Wagner - Tristan und Isolde

Théâtre des Champs Elysées, Paris, Saturday May 21 2016

Conductor: Daniele Gatti. Production: Pierre Audi. Sets and costumes: Christof Hetzer. Lighting: Jean Kalman. Video: Anna Bertsch. Tristan: Torsten Kerl. Isolde: Rachel Nicholls. Brangäne: Michelle Breedt. King Marke: Steven Humes. Kurwenal: Brett Polegato. Melot: Andrew Rees. Shepherd, young sailor: Marc Larcher. Steersman: Francis Dudziak. Orchestre National de France. Chorus of Radio France.

The first thing I wanted to say here, without introduction, is that Tortsen Kerl, as Tristan, was magnificent. In his act three delirium he was phenomenal, acting up a storm in a way I had no idea he had in him. It was a rare privilege to be there. The TCE's reasonable dimensions allowed him to sing and shape the part in a way few tenors can - often they recite or bark or almost shout it out in desperation (sometimes quite effectively, I must admit) - and in a way Kerl himself was unable to bring off as Siegfried in 2011, defeated, as so many are, by the Bastille's unreasonable vastness. Apparently, earlier in the run he had people worried he might be falling ill, but there was no sign of that on Saturday night - as far as I know the slight but not unpleasant nasal timbre and hint of "congestion" are part of his usual package; and he has more body and grit to his voice than some I've heard. No, this was a truly exceptional experience.

But being at the TCE, not the Bastille, of course made a difference for everybody: singers, orchestra and audience, reminding us that “even” Wagner suffers from being performed in a jumbo-sized house. At the TCE, finesse is still possible and the impact of a large-scale work (even if the TCE’s pit limits the size of the orchestra) is intact.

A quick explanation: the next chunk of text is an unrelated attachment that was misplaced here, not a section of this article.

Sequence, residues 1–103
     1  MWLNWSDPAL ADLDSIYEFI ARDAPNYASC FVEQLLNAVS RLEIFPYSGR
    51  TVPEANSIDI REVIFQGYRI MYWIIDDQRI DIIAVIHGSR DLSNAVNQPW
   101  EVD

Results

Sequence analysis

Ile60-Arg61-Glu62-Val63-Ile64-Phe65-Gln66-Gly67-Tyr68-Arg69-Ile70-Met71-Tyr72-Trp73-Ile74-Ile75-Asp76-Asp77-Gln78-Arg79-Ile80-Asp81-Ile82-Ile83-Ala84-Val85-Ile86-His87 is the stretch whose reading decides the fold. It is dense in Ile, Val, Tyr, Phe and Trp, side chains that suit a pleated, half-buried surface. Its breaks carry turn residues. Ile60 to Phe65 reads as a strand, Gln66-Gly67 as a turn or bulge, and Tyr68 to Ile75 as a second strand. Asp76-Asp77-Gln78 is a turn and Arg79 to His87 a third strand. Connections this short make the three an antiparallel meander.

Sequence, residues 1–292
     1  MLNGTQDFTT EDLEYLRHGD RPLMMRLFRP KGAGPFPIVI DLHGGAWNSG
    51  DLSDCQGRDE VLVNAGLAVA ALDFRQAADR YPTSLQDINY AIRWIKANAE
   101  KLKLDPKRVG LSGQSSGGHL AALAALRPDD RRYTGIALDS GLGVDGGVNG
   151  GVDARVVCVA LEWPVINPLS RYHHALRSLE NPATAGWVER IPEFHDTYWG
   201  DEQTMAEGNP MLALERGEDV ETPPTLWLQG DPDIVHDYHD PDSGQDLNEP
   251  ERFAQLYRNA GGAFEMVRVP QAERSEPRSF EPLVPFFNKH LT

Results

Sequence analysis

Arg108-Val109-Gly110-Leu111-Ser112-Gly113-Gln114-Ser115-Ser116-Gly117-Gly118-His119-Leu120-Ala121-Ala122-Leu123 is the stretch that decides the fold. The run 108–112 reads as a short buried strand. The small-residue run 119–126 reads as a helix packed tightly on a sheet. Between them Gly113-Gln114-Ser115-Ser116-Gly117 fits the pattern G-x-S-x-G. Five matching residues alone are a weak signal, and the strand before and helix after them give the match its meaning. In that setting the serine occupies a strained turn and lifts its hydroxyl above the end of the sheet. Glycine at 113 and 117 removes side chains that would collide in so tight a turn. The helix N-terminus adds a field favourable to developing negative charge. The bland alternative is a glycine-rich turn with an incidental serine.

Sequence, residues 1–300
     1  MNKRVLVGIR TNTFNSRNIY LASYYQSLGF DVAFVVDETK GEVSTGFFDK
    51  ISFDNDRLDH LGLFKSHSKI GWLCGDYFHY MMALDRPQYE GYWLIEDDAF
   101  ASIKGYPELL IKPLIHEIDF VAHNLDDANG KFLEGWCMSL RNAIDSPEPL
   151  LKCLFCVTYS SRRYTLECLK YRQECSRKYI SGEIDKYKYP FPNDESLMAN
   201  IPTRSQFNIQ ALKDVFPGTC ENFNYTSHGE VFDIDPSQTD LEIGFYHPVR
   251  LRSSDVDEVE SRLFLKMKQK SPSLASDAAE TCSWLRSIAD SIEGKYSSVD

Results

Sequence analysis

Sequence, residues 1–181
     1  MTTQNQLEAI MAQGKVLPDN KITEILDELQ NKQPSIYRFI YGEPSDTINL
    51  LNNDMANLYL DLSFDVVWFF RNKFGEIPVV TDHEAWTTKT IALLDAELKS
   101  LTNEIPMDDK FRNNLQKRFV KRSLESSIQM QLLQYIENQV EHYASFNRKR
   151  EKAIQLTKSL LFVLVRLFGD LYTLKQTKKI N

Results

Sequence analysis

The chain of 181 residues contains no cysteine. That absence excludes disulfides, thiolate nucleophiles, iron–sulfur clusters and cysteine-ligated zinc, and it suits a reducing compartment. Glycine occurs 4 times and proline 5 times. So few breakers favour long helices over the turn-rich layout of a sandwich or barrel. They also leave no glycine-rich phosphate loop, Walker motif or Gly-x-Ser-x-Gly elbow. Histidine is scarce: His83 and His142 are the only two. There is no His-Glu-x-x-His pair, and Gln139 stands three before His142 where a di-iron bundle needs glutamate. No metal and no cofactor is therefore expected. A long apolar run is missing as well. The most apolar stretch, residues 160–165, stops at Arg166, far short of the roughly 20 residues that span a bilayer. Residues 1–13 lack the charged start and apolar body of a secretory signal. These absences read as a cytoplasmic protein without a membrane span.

People bought their tickets expecting Emily Magee as Isolde. She dropped out mid-rehearsal and was replaced by a young soprano as yet nearly unknown in France, so of course ticket-holders feared disappointment... They needn’t have. Rachel Nicholls is no doubt a very different Isolde from Emily Magee, but a very good one even so: young, energetic and determined, vocally brighter than usual at the top: her critics find her shrill and perhaps she does lack a degree of “rapturous” warmth. But she has all the notes and, like Kerl, can sing the part, not scream it.

For some people, the star of the show was actually Brett Polegato’s vigorous, generous Kurwenal. Steven Humes, as a youngish King Marke, was vocally bright, clear and powerful but in this role we could perhaps have done with more depth and warmth. Michelle Breedt was a highly committed Brangäne, warmer and rounder in timbre than Isolde, more “typically” Wagnerian might, I suppose, sum it up. In fact one of the nice things about this Tristan was that everyone was committed and generous – in a way they might also be at the Bastille, only there, from the far-off back rows of the upper reaches (I now pay a fortune for seats in the parterre, near the stage), it’s to little avail. In a smaller house their efforts pay off.

Conductor Daniele Gatti avoided wallowing and went for a fairly dry, compact sound, relatively transparent, bringing out details right down to the beautifully crafted harp arpeggio before the final long, swelling chord (the swelling upset some people). There was some memorable playing from the woodwinds (as usual; the cor anglais even came out on stage for a bow at the end) and lower strings (less usual), as well as some chaotic playing from the “hunting” horns – chaotic brass being a signature of the Orchestre National.